Republican wants price tag for closing Gitmo

Gitmo, Guantanamo Bay
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A Kansas congresswoman wants a full accounting of how much it would cost to close the Guantanamo Bay detention facility.

Rep. Lynn Jenkins (R-Kan.) wrote a letter to Congressional Budget Office (CBO) Director Keith Hall requesting a study on the closing costs.

“This cost estimate on closing the detention center from the Congressional Budget Office will help members of Congress better evaluate the President’s plan and inform our constituents,” she said in written statement Wednesday.

{mosads}President Obama has promised to close the facility by the time he leaves office. Earlier this month, Defense Secretary Ash Carter said he delivered the president a plan that would close the facility and move the remaining detainees to a facility in the United States.

Obama reportedly scuttled an earlier plan last year because of its high cost.

The Wall Street Journal reported in December that closing the military prison in Cuba could cost as much as $600 million, citing unnamed Pentagon officials. The figure included a one-time cost of up to $350 million for construction of either a new facility or renovation of an existing facility. After that, it would cost less than $300 million to run.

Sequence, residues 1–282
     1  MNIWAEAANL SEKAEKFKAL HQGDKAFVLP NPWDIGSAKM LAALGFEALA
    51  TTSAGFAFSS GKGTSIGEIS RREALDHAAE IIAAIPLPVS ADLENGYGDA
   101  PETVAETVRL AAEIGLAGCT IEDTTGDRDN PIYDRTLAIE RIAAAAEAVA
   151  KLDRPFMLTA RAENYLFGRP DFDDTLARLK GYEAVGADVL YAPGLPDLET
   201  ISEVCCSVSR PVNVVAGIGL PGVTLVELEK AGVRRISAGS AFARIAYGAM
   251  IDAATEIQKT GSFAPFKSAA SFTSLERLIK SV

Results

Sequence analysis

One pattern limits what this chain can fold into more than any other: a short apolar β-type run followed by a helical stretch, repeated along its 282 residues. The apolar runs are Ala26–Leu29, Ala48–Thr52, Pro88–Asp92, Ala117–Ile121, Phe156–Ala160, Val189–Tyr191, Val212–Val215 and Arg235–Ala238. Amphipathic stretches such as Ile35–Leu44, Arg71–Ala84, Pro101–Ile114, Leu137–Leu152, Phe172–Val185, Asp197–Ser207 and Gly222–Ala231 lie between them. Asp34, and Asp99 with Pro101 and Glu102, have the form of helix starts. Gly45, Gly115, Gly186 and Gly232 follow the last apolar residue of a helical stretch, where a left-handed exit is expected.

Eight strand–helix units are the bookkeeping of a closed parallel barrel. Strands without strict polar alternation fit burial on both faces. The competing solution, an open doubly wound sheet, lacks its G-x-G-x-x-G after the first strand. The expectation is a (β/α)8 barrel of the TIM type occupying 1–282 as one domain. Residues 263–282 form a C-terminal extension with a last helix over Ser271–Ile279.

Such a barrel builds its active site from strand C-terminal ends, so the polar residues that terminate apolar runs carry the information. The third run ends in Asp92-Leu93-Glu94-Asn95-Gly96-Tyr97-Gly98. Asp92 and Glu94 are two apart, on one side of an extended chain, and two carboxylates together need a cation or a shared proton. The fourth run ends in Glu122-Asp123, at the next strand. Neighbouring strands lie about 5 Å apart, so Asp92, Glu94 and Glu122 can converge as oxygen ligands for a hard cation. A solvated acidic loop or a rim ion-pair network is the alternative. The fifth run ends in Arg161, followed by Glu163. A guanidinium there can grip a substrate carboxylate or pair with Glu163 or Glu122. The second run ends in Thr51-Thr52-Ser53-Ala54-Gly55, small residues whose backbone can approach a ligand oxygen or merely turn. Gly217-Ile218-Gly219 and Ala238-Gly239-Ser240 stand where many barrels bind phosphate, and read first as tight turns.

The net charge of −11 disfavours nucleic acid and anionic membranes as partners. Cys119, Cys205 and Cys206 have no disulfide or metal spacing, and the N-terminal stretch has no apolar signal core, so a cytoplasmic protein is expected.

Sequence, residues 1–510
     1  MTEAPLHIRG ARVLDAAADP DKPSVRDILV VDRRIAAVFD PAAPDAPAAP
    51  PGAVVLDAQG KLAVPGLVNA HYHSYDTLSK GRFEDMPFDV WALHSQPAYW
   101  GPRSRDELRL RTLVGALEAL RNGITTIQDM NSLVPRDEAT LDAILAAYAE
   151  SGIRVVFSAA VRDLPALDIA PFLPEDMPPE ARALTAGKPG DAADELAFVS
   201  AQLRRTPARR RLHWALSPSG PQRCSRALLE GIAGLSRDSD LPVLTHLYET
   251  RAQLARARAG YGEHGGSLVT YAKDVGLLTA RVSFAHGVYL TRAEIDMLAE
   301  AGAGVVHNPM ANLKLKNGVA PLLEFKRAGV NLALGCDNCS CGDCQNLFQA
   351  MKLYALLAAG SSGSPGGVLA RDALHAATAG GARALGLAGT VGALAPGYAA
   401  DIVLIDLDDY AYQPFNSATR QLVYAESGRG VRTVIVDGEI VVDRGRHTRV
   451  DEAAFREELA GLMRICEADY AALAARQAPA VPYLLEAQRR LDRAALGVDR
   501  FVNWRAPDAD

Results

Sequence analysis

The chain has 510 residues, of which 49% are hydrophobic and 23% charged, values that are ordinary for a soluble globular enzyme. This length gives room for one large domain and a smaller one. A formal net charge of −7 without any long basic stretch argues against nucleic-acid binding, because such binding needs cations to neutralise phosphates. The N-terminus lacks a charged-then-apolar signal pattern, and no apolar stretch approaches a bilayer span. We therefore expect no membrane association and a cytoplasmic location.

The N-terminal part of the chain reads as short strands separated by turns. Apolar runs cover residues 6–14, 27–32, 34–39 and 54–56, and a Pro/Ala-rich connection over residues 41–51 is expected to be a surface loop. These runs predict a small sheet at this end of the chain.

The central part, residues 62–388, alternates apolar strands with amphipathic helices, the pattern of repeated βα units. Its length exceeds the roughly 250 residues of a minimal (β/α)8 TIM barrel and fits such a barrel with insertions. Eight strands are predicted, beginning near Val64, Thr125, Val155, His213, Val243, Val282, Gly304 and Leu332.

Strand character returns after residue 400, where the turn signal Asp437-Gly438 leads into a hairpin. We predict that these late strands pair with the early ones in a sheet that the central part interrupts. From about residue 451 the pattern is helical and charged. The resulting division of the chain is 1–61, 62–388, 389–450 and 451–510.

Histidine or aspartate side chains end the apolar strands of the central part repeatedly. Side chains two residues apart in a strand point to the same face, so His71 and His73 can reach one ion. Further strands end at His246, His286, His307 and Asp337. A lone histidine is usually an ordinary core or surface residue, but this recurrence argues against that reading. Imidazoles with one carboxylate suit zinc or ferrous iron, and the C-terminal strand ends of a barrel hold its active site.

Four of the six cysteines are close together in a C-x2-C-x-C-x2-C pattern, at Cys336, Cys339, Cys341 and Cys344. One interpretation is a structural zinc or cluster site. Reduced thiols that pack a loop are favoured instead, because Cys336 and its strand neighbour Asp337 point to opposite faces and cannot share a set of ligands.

That’s compared to the approximately $400 million annually it costs to run Guantanamo.

Pentagon teams have assessed sites in South Carolina, Colorado and Kansas for the potential to house detainees should Guantanamo close.

The Kansas site was Fort Leavenworth, which is in Jenkins’s district.

In her letter, Jenkins specified the CBO study should include costs to the community.

“These costs should include but not be limited to the increased security and law enforcement personnel, the economic loss due to voluntary move outs and the need for enhanced physical infrastructure around the city, county and region to assuage the residents’ fears and concerns,” she wrote.

She also expressed concern about the effect moving Guantanamo detainees would have on international military officers enrolling in Fort Leavenworth’s Command and General Staff College.

“This increased cost to the city and county would be due to the increased security concerns and decreased enrollment by military commanders of allied nations that would normally enroll and train at Ft. Leavenworth, but for the transfer of Guantanamo detainees,” she wrote.

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